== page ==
Friday, July 17, 2020

How is it possible that these guys are still performing?

It's nearly twenty years in the rear-view mirror, but in 2003 there was an horrific fire at a nightclub outside of Providence, Rhode Island. The band that was playing that night, Great White, was a low-rent heavy metal band that had been kicking around since the late seventies. One hundred people were killed in the fire, including one of the band members. Many of the survivors suffered terrible burns (not to mention major psychological trauma). 

The band's manager, who had set off the pyrotechnics that ignited the acoustic tile that set the fire off, ended up with a prison sentence. (This fellow also emerged as one of the good guys of the incident, taking full responsibility for his actions, pleading guilty to spare the victims' families the pain of the trial, and writing personal apology notes to each of those families.) One of the nightclub's owners also did time. 

But the band, apparently, played on, one-hit wonders still performing around the country. 

Maybe it's just me, but I find it amazing that they're still in business. Maybe it's just me, but I would have changed the band's name. 

The only reason I know they're still in existence is because their recent concert in Dickinson, North Dakota, got some air play because most of the members of the audience weren't wearing masks or practicing social distancing. Given that Great White is a low-rent heavy metal band, this doesn't surprise me. And, truly, I don't see why it would be their fault that their fans would show up for a concert unmasked. IMHO, it would be up to the venue to enforce the high-stakes 2020 version of "no shirt-no shoes-no service."

Nevertheless, Great White took some heat for their decision to take to the stage. And ended up issuing an apology: 
"We understand that there are some people who are upset that we performed this show, during this trying time," the band wrote in a statement obtained by CNN of the performance in Dickinson, North Dakota, last Thursday.
"North Dakota's government recommends masks be worn, however, we are not in a position to enforce the laws. We have had the luxury of hindsight and we would like to apologize to those who disagree with our decision to fulfill our contractual agreement," Great White stated. "We are far from perfect." (Source: CNN)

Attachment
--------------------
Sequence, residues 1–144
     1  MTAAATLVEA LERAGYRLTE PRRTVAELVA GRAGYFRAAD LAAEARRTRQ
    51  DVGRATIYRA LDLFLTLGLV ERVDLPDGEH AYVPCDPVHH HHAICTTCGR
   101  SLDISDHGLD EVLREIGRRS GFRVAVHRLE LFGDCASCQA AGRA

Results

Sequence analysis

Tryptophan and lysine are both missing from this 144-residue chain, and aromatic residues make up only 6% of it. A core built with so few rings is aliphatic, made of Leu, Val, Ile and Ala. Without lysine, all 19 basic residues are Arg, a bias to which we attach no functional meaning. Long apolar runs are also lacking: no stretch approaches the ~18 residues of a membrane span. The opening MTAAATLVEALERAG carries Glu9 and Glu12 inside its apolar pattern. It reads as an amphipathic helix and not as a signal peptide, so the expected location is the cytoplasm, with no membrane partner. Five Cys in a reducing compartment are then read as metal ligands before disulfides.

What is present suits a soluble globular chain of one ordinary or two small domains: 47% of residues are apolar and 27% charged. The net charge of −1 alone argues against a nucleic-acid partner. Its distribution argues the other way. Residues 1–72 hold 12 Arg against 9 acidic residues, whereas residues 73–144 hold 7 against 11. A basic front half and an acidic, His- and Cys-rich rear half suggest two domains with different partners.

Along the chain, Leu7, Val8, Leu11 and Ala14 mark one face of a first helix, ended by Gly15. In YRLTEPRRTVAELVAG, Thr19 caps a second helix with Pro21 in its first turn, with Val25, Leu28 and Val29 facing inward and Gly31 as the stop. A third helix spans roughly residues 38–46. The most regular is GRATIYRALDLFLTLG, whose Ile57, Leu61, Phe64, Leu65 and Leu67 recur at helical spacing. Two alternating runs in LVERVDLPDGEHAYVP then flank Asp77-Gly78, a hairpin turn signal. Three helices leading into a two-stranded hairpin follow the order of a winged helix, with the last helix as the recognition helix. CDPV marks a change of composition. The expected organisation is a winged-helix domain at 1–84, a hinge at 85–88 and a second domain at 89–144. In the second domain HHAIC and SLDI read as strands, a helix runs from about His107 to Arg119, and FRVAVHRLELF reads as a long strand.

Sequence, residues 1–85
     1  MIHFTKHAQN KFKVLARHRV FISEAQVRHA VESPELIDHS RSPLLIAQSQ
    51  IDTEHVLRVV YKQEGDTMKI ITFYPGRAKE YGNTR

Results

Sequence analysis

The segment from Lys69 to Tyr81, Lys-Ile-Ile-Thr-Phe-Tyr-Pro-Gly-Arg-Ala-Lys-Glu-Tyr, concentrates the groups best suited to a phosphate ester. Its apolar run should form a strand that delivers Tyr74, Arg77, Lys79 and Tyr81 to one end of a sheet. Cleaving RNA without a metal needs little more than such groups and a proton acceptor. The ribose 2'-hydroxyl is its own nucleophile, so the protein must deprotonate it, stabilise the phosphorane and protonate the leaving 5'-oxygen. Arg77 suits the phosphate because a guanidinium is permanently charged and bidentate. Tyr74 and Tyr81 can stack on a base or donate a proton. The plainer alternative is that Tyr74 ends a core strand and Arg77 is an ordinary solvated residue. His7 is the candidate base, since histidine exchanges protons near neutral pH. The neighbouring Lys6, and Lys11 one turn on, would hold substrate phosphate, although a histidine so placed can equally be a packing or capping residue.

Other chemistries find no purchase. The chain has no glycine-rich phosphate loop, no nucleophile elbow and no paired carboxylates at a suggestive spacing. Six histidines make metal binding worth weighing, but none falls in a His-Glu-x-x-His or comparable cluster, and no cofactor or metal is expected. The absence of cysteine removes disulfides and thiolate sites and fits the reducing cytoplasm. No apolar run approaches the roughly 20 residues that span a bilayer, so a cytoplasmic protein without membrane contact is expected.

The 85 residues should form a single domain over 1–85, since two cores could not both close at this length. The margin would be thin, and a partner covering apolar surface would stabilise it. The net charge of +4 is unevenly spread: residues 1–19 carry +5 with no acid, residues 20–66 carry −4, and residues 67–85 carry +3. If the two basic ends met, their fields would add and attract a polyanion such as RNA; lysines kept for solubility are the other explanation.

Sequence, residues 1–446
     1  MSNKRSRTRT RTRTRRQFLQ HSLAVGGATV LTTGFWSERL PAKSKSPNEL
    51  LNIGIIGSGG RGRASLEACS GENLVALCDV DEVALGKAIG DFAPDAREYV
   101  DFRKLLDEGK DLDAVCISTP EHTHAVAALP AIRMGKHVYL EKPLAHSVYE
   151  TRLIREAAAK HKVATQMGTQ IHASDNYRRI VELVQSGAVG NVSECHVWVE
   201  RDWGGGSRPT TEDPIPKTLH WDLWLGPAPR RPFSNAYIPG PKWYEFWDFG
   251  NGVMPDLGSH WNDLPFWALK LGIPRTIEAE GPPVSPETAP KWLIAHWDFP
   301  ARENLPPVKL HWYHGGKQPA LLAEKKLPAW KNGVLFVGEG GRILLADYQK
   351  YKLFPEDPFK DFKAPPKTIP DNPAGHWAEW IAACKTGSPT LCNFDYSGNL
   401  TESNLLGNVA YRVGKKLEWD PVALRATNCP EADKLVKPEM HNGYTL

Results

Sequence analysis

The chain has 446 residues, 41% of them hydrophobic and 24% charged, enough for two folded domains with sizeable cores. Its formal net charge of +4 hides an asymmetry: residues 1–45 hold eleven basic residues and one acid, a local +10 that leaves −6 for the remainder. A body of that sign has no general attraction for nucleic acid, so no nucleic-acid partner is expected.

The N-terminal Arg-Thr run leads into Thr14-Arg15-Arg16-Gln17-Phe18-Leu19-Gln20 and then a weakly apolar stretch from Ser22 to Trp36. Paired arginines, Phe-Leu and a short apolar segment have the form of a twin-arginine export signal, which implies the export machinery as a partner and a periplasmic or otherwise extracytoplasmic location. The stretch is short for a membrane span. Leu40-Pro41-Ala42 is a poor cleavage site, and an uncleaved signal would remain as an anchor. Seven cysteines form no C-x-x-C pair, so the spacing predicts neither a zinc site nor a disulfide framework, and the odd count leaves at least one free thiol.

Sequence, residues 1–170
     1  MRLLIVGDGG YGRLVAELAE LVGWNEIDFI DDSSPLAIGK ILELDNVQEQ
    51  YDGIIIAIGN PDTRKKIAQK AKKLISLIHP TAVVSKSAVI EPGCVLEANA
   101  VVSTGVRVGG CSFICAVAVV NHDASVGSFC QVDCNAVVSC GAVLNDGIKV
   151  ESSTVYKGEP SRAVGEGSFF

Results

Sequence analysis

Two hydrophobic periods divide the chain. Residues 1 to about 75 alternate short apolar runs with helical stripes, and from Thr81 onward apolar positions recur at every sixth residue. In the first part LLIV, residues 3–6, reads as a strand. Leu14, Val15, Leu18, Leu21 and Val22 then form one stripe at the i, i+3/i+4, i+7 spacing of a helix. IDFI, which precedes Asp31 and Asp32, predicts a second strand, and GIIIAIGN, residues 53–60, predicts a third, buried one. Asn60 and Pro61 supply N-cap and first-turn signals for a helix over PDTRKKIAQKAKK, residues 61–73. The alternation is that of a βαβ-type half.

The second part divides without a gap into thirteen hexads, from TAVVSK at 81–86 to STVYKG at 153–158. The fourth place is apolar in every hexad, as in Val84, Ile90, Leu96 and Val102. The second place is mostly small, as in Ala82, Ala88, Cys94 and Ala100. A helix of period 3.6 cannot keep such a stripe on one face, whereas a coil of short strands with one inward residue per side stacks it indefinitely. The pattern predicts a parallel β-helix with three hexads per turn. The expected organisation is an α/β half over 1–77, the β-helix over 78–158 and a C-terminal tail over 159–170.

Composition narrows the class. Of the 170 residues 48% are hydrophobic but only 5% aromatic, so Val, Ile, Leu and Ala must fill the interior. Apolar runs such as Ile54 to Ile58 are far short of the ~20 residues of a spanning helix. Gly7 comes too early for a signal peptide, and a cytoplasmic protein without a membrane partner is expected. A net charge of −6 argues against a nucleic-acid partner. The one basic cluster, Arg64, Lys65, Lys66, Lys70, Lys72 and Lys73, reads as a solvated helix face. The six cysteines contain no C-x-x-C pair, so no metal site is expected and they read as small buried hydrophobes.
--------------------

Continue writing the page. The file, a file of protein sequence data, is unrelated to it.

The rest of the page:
Seems to me that the ones who should have been apologizing were the concert organizers. But, no. 
First On First: Dickinson Summer Nights event coordinator April Getz told the Dickinson Press (via Blabbermouth) of the city’s plan to hold concerts despite coronavirus, “We do not have restrictions, believe it or not, we don’t have any. I guess it’s one of the first events this year that didn’t get canceled and was approved by the city; we’re all very, very excited about it… It’s one of those things where if people feel comfortable coming down and mixing and mingling, that’s their personal choice. We’re leaving it up to everybody that chooses to attend.” (Source: Rolling Stone)
Love to see that the live free or die spirit isn't just for folks from New Hampshire.

And I just don't get the "personal choice" thang. Would these folks also maintain that stopping for red light is a personal choice? Is there no sense of the common good? Of you protect me, I'll protect you?

Yes, the risk of catching COVID at the concert was probably low. It was held outdoors, and the chance of transmission when you're outside is less than when you're indoor. Still, the attendees were packed together. And no doubt singing along to Great White's greatest hit. So, little droplets were definitely ponging around. It wouldn't kill people to wear a mask. It might kill them and those around them not to.

Anyway, other than the type of audience they're likely to attract, I don't see why any of this is Great White's fault. It's not like setting off pyrotechnics in a jam-packed, shoddily built nightclub.

I'm just amazed to see they're still floating around after all these years. Maybe the Stationhouse fire notoriety has been good for business. 

They have plenty of shows coming up, by the way. If you're anywhere near Sturgis, SD on August 12, you might want to swing by the Sturgis Buffalo Chip to see if anyone's wearing a mask. Meanwhile, Great White also has a store, where you can buy the predictable stuff - tee-shirts - and the less predictable merch - beard oil. May I suggest that they also add face masks to their offerings? Might just be their second greatest hit.

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